The U.S. Navy will commission its newest coastal mine hunter ship Raven (MHC 61) at the Inner Harbor in Baltimore, during a 10 a.m. ceremony Saturday, Sept. 5, 1998.
Raven is the 11th ship of the 12 Osprey class coastal mine hunters, which are named for birds of prey. Osprey class ships are the world's largest mine hunters to be constructed entirely of fiberglass and designed to survive the shock of underwater explosions. Raven's primary mission is reconnaissance, classification, and neutralization of all types of moored and bottom mines in littoral areas, harbors and coastal waterways. It is equipped with a high definition, variable-depth sonar, and a remotely-operated, robotic submarine used to neutralize mines. The ship is also armed with two .50 caliber machine guns.
- Sen. Paul S. Sarbanes of Maryland will deliver the ceremony's principal address.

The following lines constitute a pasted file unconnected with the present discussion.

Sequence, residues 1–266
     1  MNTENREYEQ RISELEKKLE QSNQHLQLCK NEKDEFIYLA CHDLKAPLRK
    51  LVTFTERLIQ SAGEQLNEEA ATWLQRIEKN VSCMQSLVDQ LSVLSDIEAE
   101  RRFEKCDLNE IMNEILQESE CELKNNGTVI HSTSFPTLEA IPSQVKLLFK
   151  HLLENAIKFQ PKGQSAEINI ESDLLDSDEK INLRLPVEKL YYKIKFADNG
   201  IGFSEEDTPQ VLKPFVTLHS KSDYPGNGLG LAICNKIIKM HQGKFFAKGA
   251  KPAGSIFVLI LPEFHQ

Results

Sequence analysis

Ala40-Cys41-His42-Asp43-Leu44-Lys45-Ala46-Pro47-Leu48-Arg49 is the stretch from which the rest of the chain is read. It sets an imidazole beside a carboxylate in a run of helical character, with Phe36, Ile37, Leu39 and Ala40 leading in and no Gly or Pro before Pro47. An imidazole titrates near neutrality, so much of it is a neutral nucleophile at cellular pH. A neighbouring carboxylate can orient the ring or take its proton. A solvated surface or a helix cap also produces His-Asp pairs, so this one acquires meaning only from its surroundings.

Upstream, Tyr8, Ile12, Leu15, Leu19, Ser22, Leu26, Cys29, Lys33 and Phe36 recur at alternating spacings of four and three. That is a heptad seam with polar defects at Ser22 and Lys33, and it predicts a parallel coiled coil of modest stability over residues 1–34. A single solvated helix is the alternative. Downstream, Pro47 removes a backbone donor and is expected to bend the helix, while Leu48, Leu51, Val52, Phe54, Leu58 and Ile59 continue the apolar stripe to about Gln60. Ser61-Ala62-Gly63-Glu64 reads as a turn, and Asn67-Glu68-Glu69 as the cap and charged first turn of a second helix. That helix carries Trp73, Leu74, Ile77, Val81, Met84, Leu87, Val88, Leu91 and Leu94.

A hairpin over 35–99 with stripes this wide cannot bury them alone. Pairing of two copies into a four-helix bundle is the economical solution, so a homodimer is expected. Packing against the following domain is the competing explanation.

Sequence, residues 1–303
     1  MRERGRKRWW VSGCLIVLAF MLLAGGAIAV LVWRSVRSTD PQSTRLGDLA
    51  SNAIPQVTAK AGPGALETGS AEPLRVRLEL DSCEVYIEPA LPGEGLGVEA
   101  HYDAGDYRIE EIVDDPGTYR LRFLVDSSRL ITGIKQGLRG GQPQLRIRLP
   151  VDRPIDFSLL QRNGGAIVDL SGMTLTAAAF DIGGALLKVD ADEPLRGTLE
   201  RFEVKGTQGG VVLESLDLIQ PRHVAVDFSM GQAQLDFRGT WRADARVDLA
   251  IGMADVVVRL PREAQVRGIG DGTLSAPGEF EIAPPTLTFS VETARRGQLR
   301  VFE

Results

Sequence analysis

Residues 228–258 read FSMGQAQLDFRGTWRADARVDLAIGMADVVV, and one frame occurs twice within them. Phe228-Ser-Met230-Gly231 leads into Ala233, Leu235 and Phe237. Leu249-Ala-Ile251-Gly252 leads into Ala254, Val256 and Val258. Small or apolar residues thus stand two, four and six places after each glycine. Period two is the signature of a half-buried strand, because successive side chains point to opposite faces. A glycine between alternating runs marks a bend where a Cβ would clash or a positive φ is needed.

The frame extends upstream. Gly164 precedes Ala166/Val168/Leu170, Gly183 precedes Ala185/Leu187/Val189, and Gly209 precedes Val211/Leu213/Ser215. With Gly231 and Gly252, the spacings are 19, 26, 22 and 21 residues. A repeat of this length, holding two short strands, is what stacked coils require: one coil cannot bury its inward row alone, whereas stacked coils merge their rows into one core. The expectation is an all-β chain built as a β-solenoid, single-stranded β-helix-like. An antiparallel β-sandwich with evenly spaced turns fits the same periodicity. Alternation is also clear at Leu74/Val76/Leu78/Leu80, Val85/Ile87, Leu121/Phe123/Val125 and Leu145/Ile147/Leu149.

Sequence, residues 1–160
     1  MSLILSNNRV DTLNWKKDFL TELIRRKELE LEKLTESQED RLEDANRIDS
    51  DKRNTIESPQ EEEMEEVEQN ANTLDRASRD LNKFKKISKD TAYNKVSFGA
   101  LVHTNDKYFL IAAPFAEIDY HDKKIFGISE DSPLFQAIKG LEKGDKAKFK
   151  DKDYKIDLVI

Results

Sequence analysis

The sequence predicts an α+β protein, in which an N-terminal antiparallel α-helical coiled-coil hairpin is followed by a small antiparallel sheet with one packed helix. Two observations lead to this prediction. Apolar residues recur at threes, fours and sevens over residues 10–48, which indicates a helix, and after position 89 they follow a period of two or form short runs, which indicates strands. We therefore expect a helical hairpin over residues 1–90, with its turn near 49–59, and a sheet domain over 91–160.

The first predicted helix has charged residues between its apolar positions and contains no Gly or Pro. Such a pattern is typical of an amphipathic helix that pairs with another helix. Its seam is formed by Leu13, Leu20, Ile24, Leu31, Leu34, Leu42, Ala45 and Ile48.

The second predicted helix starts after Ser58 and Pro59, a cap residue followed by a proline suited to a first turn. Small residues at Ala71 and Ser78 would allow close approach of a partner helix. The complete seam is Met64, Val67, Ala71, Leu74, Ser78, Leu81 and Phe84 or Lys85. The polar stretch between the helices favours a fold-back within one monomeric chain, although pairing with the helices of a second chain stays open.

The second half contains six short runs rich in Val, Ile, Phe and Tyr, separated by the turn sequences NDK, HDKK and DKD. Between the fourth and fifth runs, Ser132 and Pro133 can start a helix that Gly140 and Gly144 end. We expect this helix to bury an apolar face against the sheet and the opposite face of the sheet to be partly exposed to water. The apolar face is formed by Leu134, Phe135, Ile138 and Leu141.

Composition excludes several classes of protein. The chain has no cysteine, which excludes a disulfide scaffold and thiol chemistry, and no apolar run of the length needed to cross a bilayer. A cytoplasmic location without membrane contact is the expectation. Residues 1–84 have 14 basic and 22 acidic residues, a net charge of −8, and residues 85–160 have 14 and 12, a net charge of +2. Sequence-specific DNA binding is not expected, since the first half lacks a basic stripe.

- Mrs. Dorothy McDowell Smith, wife of retired Adm. Leighton "Snuffy" Smith Jr., former commander in chief, U.S. Naval Forces, Europe/commander in chief, Allied Forces, Southern Europe, is the ship's sponsor. In the time-honored Navy tradition, Mrs. Smith will give the order to "man our ship and bring her to life!"
- Two previous ships have been named Raven; a schooner (1813-1815) during the War of 1812 and a minesweeper (AM 55) (1940-1967) that earned three battle stars as the lead ship of the class of 93 fleet minesweepers which served in the U.S. and British navies during World
- War II.
Following its commissioning, Raven will join the U.S. Atlantic Fleet with Lt. Cmdr. Sam Howard, a native of Mount Holly, N. J., as commanding officer. The ship will be homeported in Ingleside, Texas, with a crew of six officers, and 46 enlisted. Propelled by two 800-hp turbocharged V-8 engines, the ship is capable of reaching a speed of 12 knots. The Raven measures 188 feet in length, has a beam of 36 feet and displaces approximately 914 tons when fully loaded.
Point of contact for more information is Qula Norman at (703) 695-5471.